Free speech and assembly are more or less absolute and inviolable rights. At least I believe so and so has the US Supreme Court. Free speech is not freedom for nice speech or politically correct speech, because as soon as we start talking in these terms, as to what speech or expression should be allowed or forbidden, we are moving into the censor's territory. There should be no censors, period. The best argument for this is that no one has the right to tell you or me what I may read, hear or see. That includes preventing me and others from being aware that some people want to commemorate, if not celebrate the occupation of Latvia by the German army on July 1, 1941.
Certainly, the arrival of Hitler's armed forces cut short a period of brutal Soviet rule and started a new period of repression and betrayal of the hopes of the Latvian population in general and genocide against Jewish Latvians in particular. Latvia' s Jews got the worst of both occupations – they were overrepresented among those 15 000 Latvian citizens deported on June 13-14, 1941 because of their class, education and perceived loyalty to the “bourgeois” Latvian state. They were exterminated by the German occupation forces on racial grounds.
It is probably fair to say that the second, Nazi occupation of Latvia took a greater number of Latvian citizens' lives than did the relatively short (cut short by the start of Operation Barbarossa) Soviet “Year of Dread” (Latvian: Baigais gads), at least in the period 1940 -1945. This is especially so if one counts the number of Latvians who were killed, crippled or driven into exile as a result of forced military service for Germany (the Latvian Waffen SS) Stalin' s repression and the deportations of 1949 indicated what would have happened years earlier had there been no German attack on the territories occupied by the USSR.
To call for a celebratory commemoration of the German invasion of Latvia in 1941 (briefly and bitterly misperceived as “liberation” at the time) with all of the historical hindsight of the present day is simply a crackpot enterprise. But free speech is there to protect crackpots, even ignorant or deliberately disgusting crackpots who bring needless scandal and disgrace to the whole country (international reports about “glorifying Nazism”).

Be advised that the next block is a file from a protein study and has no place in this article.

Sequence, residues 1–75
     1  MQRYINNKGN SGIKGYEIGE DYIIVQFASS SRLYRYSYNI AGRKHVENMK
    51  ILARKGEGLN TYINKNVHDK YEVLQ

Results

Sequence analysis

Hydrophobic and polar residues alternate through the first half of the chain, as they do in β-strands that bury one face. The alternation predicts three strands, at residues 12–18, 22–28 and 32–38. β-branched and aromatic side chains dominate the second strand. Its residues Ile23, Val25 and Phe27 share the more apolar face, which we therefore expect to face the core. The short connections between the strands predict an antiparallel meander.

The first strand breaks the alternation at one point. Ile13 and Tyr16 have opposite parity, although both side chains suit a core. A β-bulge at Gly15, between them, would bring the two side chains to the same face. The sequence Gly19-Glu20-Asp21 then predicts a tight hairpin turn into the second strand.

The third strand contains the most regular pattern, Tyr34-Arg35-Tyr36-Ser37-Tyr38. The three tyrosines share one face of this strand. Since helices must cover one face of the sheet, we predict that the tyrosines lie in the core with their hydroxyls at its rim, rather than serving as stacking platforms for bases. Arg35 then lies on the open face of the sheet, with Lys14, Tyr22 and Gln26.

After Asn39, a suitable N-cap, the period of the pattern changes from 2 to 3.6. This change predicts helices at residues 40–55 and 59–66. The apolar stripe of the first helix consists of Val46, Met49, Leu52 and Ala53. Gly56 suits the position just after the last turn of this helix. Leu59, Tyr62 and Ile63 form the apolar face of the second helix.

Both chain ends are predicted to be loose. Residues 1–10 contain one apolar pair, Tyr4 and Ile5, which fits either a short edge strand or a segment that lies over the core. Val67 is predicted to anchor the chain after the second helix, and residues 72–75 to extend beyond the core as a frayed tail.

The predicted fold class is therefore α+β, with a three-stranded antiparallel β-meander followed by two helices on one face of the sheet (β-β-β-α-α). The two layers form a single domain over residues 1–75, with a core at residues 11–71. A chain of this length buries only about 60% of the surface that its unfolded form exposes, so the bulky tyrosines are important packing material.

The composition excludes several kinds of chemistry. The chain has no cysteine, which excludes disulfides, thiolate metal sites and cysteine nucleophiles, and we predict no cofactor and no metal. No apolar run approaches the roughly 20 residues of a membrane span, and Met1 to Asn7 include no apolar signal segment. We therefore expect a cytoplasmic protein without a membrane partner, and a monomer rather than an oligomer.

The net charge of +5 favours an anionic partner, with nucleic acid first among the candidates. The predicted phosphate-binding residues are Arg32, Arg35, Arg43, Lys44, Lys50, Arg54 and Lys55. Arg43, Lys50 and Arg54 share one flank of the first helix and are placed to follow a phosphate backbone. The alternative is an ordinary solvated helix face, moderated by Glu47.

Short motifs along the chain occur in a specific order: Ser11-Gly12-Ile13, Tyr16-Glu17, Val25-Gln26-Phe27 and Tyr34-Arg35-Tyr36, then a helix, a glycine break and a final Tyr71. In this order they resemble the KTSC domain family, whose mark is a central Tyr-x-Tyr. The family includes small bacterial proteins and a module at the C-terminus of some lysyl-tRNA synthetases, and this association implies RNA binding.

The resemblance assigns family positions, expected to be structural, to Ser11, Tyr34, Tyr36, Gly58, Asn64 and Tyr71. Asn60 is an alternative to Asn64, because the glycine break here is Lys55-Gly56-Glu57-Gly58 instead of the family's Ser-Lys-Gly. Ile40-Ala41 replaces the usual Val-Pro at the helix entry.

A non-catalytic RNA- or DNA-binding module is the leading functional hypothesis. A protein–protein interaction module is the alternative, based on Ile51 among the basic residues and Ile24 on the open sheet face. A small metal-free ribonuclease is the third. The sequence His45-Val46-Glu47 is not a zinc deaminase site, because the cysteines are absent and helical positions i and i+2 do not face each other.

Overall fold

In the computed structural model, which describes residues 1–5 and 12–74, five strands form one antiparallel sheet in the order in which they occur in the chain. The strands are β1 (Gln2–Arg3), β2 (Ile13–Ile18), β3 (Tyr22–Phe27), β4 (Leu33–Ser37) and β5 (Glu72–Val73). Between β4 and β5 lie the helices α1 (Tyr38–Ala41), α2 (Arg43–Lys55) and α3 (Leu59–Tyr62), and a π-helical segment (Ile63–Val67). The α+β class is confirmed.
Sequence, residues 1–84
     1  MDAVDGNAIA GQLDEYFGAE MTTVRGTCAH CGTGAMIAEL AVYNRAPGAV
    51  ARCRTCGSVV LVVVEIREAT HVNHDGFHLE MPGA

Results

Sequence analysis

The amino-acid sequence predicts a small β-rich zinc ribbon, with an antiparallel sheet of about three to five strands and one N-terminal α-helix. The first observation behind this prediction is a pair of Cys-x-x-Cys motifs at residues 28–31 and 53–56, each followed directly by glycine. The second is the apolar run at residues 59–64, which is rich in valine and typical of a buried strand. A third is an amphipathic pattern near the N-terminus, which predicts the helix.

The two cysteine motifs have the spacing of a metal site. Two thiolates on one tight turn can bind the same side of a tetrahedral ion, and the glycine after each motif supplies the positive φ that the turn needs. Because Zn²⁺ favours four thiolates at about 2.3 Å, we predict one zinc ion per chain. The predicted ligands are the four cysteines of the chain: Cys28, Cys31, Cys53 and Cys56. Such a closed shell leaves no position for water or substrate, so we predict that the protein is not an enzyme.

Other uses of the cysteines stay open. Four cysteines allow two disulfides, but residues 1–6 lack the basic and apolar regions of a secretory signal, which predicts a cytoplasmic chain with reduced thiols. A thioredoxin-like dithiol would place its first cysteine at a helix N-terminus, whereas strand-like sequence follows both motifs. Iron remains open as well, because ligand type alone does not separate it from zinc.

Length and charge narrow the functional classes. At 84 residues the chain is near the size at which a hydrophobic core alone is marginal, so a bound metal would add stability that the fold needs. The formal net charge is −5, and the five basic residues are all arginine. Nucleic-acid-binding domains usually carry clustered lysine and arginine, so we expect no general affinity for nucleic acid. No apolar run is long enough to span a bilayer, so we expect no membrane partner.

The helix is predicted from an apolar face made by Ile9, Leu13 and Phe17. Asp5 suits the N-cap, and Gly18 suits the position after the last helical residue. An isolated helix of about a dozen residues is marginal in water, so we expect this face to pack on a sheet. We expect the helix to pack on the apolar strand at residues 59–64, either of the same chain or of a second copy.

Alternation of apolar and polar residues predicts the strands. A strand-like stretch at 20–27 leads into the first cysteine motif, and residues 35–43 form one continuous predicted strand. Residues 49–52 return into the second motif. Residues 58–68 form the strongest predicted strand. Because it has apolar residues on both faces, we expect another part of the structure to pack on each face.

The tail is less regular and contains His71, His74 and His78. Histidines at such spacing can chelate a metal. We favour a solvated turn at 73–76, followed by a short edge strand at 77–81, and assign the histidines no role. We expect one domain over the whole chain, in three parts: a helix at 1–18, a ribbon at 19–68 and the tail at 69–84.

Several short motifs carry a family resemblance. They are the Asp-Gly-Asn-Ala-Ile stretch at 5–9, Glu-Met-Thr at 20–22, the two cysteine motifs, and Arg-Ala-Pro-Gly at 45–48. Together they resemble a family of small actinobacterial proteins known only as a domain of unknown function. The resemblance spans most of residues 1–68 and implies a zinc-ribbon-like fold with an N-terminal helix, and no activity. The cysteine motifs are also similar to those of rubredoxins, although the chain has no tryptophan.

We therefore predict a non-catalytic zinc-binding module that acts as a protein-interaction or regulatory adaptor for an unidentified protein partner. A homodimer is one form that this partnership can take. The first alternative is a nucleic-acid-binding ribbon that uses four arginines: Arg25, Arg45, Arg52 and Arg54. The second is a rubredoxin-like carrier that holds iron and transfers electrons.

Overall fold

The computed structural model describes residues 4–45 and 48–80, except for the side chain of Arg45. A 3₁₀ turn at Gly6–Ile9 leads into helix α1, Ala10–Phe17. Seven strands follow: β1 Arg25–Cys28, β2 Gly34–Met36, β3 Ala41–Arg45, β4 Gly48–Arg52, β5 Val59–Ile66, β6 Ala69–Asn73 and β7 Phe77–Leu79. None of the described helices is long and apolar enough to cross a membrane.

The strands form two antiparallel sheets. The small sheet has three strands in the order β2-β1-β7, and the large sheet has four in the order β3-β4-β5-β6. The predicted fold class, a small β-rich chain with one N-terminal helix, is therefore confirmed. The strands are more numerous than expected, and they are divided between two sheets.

Certainly, when it will be the 60th anniversary of the Nazi invasion of Latvia, there are grounds for a different kind of commemoration – one of historical reflection and closer examination of the much shorter occupation of 1941 – 1945 and its toxic effects to this very day. The place for this might be the Occupation Museum or a series of lectures and debates on the main questions surrounding July, 1941 at some other venue. The issue should not be swept under any rug.
Riga Mayor Nils Ušakovs has said that police will look for the tiniest sign of glorification of Nazism or the like in the July 1 flower-laying commemoration. This is a very disturbing thing to say. As at any controversial gathering, the role of the police should be preventing confrontations and disorder, it should never be to monitor the content of free expression by anyone exercising the right of free expression, no matter how offensive some may find that expression. If the Riga Municipal police can't take a joke from a mildly intoxicated theatrical director (Viesturs Kairišs) walking calmly home from a night of bar-hopping with his wife and another female friend, how can they be expected to apply any standard of “ethnic incitement”, “race hatred” or whatever? I am less worried about a gathering of wackos who are probably neo-Nazis (the Latvian Gustavs Celmiņš Society certainly is ideologically fascist, and its namesake, the Thundercross/Pērkoņķrusts leader Gustavs Celmiņš was actually arrested by the Nazis – no local competition accepted). I am more worried about the municipal government of Riga instructing the police to be censors. Let the loonies do as they please and send the Security Police (Drošības policija/DP) back to its cage.